We’re small but mighty: Why short people have it best in college

(BlogDH) Short 1

We’re vertically challenged. We may or may not be able to reach books on the top shelf of the stacks in the library, we may have to strain our necks to talk to you, and we definitely field too many questions about whether or not we’re sure that we’re not actually legally midgets. But we put on our wedges and hold our heads high—at 4’11’’ (Meredith) and 5’1’’(Georgia), what we lack in size we make up for in heart… and in our undying love of our perpetual fun-sizedness.

As the token shorties, we have very specific roles to play within our respective social circles. We willingly take on some of these roles ourselves, while others are bestowed upon us by our friends. Here’s how we shawties live it up in a world full of (relative) giants:

We’re your best arm rests. After hours of holding his/her drink in while conversing with other party goers, our friends’ arms inevitably get tired. We’re right at your elbow level, and we’re totally convenient. Rest your arm on our heads, our shoulders, whatever is more comfortable. Your temporary arm pain is relieved; we get some quality snuggle time (OK, that’s generous) and rack up lots of friend points in the process. It’s really a win-win situation.

We sit on your shoulders at Spring Weekend. This is one we know you hate, but you’re usually too inebriated to object to it. Pushing our way to the front at the performance is a risky endeavor—drunk kids won’t let us pass through Red-Rover-like resistance. Roll with it.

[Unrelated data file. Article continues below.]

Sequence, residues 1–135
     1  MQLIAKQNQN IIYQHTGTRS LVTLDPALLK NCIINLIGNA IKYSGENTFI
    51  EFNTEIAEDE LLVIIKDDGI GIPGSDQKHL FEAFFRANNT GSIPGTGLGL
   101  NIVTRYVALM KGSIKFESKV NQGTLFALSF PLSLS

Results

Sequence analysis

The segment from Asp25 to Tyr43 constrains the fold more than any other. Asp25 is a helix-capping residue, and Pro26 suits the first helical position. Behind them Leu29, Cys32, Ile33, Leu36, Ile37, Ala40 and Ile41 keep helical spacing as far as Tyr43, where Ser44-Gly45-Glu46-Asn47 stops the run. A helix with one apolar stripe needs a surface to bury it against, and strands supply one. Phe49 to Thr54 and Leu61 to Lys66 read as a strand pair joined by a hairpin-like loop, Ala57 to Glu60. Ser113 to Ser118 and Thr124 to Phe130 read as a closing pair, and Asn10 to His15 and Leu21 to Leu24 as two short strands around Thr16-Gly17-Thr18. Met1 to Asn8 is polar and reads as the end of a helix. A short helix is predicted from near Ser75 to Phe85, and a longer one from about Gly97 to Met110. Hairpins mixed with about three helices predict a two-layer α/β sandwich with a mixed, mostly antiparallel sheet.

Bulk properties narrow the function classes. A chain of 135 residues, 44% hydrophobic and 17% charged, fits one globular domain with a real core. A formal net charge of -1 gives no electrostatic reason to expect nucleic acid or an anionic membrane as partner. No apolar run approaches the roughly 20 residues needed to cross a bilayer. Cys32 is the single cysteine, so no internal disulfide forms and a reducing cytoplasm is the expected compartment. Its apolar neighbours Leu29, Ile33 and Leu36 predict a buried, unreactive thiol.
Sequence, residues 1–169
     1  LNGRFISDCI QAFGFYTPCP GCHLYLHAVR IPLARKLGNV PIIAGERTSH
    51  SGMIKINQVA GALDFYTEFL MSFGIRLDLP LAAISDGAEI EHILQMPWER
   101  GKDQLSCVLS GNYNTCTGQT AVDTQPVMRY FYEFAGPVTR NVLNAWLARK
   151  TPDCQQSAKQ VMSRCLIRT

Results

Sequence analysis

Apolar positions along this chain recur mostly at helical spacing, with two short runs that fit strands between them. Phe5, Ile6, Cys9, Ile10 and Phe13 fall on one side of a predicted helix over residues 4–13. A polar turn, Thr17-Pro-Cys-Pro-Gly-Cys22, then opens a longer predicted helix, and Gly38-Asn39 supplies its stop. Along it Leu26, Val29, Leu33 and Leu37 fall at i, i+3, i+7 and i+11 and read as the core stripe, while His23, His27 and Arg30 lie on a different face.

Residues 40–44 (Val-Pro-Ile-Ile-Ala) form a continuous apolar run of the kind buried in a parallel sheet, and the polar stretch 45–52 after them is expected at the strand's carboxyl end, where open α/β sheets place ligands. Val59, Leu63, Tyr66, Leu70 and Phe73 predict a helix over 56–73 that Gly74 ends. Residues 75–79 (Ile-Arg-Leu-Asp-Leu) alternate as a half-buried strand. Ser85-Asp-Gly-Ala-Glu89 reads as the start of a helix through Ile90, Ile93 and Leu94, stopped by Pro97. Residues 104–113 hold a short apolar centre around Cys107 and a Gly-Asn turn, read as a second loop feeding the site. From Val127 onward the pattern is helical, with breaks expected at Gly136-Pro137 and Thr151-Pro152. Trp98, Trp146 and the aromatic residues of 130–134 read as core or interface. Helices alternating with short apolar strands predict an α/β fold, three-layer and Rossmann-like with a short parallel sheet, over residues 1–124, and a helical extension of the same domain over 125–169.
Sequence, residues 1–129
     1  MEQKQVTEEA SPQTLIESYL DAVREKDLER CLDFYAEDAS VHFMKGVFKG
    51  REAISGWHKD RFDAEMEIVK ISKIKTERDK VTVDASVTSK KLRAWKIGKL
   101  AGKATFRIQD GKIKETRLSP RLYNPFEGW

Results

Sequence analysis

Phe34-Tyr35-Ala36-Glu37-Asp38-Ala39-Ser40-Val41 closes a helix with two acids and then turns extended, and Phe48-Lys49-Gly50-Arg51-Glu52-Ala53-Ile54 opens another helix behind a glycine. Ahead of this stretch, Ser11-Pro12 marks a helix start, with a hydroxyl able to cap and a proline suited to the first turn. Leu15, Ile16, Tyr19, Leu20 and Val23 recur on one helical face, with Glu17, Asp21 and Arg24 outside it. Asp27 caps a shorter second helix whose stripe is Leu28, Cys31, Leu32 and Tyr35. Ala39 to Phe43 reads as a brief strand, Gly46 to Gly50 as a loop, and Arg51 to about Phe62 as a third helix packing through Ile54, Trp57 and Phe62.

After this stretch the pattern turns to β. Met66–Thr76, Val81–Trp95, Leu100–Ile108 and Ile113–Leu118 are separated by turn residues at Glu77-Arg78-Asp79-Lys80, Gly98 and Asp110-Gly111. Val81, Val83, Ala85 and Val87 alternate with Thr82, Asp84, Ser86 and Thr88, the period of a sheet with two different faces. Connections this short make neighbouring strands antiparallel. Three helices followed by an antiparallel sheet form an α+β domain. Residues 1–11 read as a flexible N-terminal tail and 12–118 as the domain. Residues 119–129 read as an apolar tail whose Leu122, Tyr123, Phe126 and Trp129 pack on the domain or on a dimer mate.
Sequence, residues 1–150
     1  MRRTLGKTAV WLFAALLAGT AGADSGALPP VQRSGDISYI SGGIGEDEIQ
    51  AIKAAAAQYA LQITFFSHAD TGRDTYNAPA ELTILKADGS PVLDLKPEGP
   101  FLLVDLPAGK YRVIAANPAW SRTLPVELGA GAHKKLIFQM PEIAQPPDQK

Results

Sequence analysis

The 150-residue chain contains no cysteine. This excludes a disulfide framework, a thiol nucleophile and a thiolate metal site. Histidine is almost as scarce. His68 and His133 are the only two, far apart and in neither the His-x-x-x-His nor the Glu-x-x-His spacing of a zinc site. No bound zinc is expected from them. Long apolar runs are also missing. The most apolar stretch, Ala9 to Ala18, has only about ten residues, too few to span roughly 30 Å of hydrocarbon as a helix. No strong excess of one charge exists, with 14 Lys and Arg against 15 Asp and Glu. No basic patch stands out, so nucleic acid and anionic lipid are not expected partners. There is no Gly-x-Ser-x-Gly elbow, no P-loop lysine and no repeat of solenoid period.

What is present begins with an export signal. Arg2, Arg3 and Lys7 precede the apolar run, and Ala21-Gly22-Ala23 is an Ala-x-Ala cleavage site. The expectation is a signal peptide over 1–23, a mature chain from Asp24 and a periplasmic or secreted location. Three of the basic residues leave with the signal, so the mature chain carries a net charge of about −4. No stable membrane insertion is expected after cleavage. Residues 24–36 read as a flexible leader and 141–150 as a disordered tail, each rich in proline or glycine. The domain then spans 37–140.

We have the best nicknames…ever. Tall people often find nicknames that their friends give them to be offensive, even though they’re all in good fun: string bean, Big Bird, etc. Our nicknames, however, are the best, and we love them. Nugget, peanut, munchkin—all of these imply that we are snuggle-able and easily smother-able in hugs. What could be more endearing than that?

Twin-XL beds cramping your style? Not ours. Upon arriving at college, many students complain that they are forced to sleep in a twin-sized bed. No longer are they able to luxuriously sleep spread-eagled every night, with room left for their three dogs to join them in their respective slumbers. Instead, their feet and arms might hang off the edges of the bed, getting cold in the middle of the night…and don’t even get them started on the horrors of sharing this space with a companion! Well, we wouldn’t have even noticed our reduced bed space had the rest of our peers not been endlessly lamenting. We’ve still got plenty of room to sprawl out and stretch our limbs, and we can easily fit another person next to us. Honestly, the “XL” is a little unnecessary.

We still fit the physical criteria for child-priced tickets at the movies. Sure, we may be nine years over the “12 and under” designation, but most movie-ticket clerks do not take the time to check our IDs. Instead, they see a small figure (or the top of a small figure’s head) struggling to see over the register, and immediately assume that we qualify for a child’s discount. You know what this means? We have three extra dollars to spend on Sour Patch Kids. Suck on that.

Note: One downside to this otherwise-fantastic perk—liquor store clerks are often incredulous that we’re of age. Yep, we’ll be carded until we’re 35.

All in all, being short is pretty awesome. Never will we struggle to find a cuddle-buddy or a significant other who is taller than we are, nor will we be faced with the Tall Girls of Whisko conundrum: “Heels or no heels?”

Whoever decided that large size corresponds to large power obviously hasn’t met us. We work hard to prove that great things come in small packages. We hope you agree.

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